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 »  Home  »  .NET Framework  »  A Brief Primer on Ajax
A Brief Primer on Ajax
by Roger McCook | Published  11/15/2006 | .NET Framework | Rating:
Roger McCook
Roger is an independent programmer in Atlanta, Georgia and president of McCook Software, Inc. (www.McCookSoftware.com). He focuses on Microsoft technologies including VB, C#, ASP.NET, and SQL Server. For the past eight years he has spent most of his time developing advanced systems for the telecom giant BellSouth (now a part of AT&T). Roger is a published author of many technical articles as well as fictional short stories. You can email him at: RogerMcCook@bellsouth.net 

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Ajax

AJAX is short for “Asynchronous JavaScript and XML.” 
 
AJAX is actually a name for a collection of technologies that have been around for a while: HML, JavaScript, XML, CSS, DOM, JSON, etc. 

In a nutshell, AJAX is about making web apps more flexible, interactive, responsive, and more like feature-rich windows programs. 

Historically, web apps are scoped at the page level. We are presented with a static page. We enter information, then click the submit button and wait while the entire page is sent to the server. Eventually a new page is displayed and we continue.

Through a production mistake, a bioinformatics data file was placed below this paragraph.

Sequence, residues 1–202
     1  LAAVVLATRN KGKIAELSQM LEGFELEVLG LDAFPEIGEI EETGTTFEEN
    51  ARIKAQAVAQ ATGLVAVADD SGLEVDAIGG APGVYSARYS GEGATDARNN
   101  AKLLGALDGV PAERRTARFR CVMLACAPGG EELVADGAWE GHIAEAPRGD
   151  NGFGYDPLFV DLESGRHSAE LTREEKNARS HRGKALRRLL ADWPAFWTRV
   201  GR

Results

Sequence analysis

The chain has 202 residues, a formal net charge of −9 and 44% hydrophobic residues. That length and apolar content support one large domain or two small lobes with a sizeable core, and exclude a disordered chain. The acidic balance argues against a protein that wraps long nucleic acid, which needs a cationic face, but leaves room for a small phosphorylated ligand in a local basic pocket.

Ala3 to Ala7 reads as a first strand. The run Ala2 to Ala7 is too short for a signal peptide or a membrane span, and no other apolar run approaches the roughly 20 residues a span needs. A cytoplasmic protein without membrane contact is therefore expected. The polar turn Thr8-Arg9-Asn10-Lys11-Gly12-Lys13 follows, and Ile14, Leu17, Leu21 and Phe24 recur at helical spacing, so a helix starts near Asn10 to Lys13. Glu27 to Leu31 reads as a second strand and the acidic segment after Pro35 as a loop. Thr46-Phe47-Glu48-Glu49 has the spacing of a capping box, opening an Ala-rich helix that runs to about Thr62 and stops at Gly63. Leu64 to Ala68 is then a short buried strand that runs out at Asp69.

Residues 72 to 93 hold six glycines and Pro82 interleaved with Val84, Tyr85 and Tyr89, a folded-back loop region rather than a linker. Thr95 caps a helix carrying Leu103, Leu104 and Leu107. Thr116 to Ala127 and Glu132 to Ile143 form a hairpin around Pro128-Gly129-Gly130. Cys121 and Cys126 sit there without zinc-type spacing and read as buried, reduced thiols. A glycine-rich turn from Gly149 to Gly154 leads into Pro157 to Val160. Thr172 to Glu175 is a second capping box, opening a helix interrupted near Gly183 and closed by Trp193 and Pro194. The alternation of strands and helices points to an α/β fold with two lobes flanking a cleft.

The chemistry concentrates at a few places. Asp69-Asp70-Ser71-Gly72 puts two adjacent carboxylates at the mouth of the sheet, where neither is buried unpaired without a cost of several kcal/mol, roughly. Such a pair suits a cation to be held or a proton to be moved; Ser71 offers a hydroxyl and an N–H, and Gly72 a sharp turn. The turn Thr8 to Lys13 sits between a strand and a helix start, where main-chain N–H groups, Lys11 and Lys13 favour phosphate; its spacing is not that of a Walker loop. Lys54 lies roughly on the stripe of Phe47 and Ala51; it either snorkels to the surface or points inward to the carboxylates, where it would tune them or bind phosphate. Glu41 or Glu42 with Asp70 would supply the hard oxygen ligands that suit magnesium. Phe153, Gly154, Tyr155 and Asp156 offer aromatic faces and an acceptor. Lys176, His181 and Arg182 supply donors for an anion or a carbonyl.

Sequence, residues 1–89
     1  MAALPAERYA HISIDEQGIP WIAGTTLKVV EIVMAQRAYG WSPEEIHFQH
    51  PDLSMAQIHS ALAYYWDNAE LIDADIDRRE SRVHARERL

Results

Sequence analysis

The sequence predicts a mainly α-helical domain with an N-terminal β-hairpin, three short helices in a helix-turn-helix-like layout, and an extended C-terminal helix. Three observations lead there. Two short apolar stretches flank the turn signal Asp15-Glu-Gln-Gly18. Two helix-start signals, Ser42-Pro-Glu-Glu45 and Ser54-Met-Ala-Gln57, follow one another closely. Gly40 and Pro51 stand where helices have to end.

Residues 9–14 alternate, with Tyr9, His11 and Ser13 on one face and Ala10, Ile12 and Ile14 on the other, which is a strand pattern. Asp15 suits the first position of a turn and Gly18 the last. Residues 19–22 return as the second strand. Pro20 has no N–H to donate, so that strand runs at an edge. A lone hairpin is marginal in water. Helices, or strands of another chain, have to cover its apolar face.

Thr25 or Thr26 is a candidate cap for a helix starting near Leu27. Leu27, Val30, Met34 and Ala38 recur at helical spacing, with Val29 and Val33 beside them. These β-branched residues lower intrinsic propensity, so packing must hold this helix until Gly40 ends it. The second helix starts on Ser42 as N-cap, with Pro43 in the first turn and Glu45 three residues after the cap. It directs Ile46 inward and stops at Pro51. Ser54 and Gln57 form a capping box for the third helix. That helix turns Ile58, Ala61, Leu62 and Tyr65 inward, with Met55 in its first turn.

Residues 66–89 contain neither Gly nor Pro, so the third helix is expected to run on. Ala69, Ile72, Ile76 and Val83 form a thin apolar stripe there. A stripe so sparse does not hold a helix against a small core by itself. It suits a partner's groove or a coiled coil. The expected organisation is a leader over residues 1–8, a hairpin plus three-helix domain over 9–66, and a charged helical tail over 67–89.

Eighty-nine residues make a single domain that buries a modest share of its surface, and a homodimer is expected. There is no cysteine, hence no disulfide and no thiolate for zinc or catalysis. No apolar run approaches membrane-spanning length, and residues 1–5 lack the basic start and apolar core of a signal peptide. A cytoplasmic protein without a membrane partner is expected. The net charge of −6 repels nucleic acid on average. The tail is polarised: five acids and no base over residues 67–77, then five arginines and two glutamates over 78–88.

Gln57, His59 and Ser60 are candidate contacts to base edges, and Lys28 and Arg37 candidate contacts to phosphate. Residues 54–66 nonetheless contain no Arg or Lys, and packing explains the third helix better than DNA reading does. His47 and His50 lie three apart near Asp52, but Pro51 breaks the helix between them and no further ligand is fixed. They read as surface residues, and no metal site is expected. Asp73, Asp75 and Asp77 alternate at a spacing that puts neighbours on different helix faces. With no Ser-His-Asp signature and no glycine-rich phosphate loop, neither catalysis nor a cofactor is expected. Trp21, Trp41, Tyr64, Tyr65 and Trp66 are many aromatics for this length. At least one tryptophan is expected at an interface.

There have been improvements at the browser level over the last ten years or so. First there were minor screen animations implemented with JavaScript. Then Microsoft introduced the Document Object Model (DOM), making JavaScript more effective in accessing and changing various objects on the web page. Dynamic HTML gave us even more power.

Now AJAX promises to make web pages more responsive, more interactive, by exchanging small amounts of data with the server behind the scenes instead of reloading entire web pages each time the user makes a change. Since the transfer is asynchronous, the user sees changes to the web page while they are still typing, without being interrupted. 

Ajax manipulates the current page within a user’s web browser using the document object model. It can be used for tasks such as updating or deleting records or returning search queries without having to fetch a full page each time a change is made. In these cases, only small requests and short responses are required, making the web apps seem smoother and more responsive.

The transfer is usually handled by the XMLHttpRequest object created by Microsoft but now implemented by a majority of browsers.

Microsoft’s implementation of Ajax is called ASP.NET AJAX. Microsoft integrates cross-browser client script libraries with the ASP.NET 2.0 development framework. Programmers are provided with a familiar development process and a programming model they already know from using server-side ASP.NET. The inclusion of controls and templates for drag-n-drop development and the tight integration with Visual Studio make it an attractive offering for developers. 

You are at a cocktail party and someone mentions Ajax. You stir your martini and say, “That’s about the asynchronous exchange of data between client and server in web applications using XML and JavaScript, right?”

They’ll be so impressed.

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